RADARSAT-2, the satellite from which Polar Epsilon draws its information, is a world leading commercially available radar satellite. The Government of Canada, through the Canadian Space Agency, has invested $445 million in the RADARSAT-2 program. RADARSAT-2 is commercially owned and operated by MDA, a Canadian company headquartered in Richmond, British Columbia. RADARSAT-2 was launched in mid-December 2007.

The Polar Epsilon project is expected to be complete by March 2011.
The US company:
After nine years of work and $445-million of Canadian taxpayers' money, Radarsat-2 was launched into orbit in mid-December, marking a milestone in Canadian aerospace history.

Conservative Industry Minister Jim Prentice trumpeted the launch, which took place in a remote corner of Kazakhstan, saying the satellite would help "protect our Arctic sovereignty as international interest in the region grows."

But as the Canadian satellite was flying into orbit, the company behind it was only weeks away from announcing the $1.3-billion sale of its aerospace division, which includes Radarsat-2.

Radarsat-2 will shift to U.S. weapon and rocket maker Alliant Techsystems Inc. of Edina, Minn., from Vancouver-based MacDonald Dettwiler and Associates Ltd. (MDA) in a transaction that is raising questions about the future of Canada's aerospace industry...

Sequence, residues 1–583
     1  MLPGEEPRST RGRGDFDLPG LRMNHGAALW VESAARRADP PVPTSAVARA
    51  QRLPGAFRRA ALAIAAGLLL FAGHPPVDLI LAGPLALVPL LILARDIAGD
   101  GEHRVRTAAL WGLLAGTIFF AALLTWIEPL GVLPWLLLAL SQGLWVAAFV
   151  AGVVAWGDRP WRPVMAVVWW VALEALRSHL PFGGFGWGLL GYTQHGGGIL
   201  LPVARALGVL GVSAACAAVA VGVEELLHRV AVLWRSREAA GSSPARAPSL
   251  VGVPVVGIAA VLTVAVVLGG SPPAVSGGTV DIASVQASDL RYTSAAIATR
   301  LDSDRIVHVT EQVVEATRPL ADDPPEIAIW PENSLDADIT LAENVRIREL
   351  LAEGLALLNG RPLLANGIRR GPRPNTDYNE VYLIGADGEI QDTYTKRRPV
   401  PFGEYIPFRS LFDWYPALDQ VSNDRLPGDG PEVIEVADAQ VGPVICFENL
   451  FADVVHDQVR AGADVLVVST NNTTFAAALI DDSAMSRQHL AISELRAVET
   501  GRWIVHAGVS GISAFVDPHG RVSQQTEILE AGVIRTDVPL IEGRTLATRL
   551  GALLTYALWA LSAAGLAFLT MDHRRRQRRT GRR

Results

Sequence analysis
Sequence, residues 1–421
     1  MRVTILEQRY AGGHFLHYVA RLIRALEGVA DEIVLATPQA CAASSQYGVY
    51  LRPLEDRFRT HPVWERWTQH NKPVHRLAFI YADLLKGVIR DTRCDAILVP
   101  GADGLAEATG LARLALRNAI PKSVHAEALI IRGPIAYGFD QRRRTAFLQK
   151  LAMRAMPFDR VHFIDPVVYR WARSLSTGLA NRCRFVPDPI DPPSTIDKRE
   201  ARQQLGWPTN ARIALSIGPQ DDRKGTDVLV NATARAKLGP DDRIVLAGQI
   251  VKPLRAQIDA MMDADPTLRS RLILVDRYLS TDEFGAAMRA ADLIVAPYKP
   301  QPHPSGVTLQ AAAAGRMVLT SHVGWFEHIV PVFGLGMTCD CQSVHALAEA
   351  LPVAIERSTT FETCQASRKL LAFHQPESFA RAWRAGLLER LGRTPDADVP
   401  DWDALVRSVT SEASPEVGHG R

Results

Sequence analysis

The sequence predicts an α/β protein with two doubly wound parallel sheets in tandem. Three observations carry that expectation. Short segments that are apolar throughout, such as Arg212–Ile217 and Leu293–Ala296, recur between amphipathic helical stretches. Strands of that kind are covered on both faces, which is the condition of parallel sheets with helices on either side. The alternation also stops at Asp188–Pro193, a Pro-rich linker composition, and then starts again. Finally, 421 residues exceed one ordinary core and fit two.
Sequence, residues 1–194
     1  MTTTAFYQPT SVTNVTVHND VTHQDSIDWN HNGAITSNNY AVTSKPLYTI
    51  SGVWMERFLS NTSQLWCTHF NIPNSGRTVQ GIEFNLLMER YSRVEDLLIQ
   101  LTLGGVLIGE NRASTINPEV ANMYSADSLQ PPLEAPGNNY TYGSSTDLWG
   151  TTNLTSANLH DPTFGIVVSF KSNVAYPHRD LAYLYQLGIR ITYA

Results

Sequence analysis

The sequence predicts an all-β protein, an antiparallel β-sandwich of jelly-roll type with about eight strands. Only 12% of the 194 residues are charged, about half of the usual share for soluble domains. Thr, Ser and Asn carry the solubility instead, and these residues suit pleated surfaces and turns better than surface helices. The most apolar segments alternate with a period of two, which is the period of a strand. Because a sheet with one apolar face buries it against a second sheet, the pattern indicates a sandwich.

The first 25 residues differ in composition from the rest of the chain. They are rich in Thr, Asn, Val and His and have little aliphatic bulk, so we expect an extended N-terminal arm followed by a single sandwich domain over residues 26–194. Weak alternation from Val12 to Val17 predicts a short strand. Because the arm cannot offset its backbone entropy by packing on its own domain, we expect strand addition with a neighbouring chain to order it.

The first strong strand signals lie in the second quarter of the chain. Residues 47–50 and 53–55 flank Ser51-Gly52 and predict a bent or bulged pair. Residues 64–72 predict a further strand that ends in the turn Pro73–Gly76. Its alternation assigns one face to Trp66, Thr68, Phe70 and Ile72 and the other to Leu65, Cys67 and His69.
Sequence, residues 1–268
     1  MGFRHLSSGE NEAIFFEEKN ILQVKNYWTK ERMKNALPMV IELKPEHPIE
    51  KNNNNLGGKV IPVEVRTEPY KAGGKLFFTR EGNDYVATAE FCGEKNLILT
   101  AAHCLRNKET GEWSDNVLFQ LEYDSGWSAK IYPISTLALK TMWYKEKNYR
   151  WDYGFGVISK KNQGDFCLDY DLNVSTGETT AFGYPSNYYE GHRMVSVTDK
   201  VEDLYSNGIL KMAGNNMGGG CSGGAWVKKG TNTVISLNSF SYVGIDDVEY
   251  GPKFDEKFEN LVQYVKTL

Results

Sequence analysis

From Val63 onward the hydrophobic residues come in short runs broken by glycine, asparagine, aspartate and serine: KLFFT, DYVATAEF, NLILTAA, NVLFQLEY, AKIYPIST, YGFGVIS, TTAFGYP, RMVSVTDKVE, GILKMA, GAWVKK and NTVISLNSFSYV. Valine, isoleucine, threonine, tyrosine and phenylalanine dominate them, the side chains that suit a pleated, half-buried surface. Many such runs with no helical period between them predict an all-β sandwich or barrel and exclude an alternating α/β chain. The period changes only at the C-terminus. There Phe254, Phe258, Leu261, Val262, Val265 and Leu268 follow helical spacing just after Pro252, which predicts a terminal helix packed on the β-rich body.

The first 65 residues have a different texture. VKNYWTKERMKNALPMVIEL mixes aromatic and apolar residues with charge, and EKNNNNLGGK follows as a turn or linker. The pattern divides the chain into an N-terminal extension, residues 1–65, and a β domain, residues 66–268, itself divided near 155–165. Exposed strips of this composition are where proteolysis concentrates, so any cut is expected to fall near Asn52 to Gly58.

Despite his earlier enthusiasm for the deal, yesterday the Industry Minister had no comment on the MDA sale. His spokesman said it would be improper for him to discuss the pending deal because Mr. Prentice is also in charge of vetting foreign investment and officials reporting to him will be scrutinizing the Techsystems bid.

The Canadian Space Agency said the proposed sale of MDA's space assets will not affect Ottawa's rights when it comes to using Radarsat-2. Under a deal struck in 1998, Ottawa gets free access to photographs taken by the satellite for the life of the machine, which is expected to keep operating for at least seven years.

Radarsat-2 has cloud-penetrating radar and from an altitude of 800 kilometres it will be able to provide pictures for a host of government departments from National Defence to the Coast Guard to Environment Canada. It will be able to pinpoint foreign vessels, check the health of crops, pinpoint oil spills and calculate the thickness of sea ice.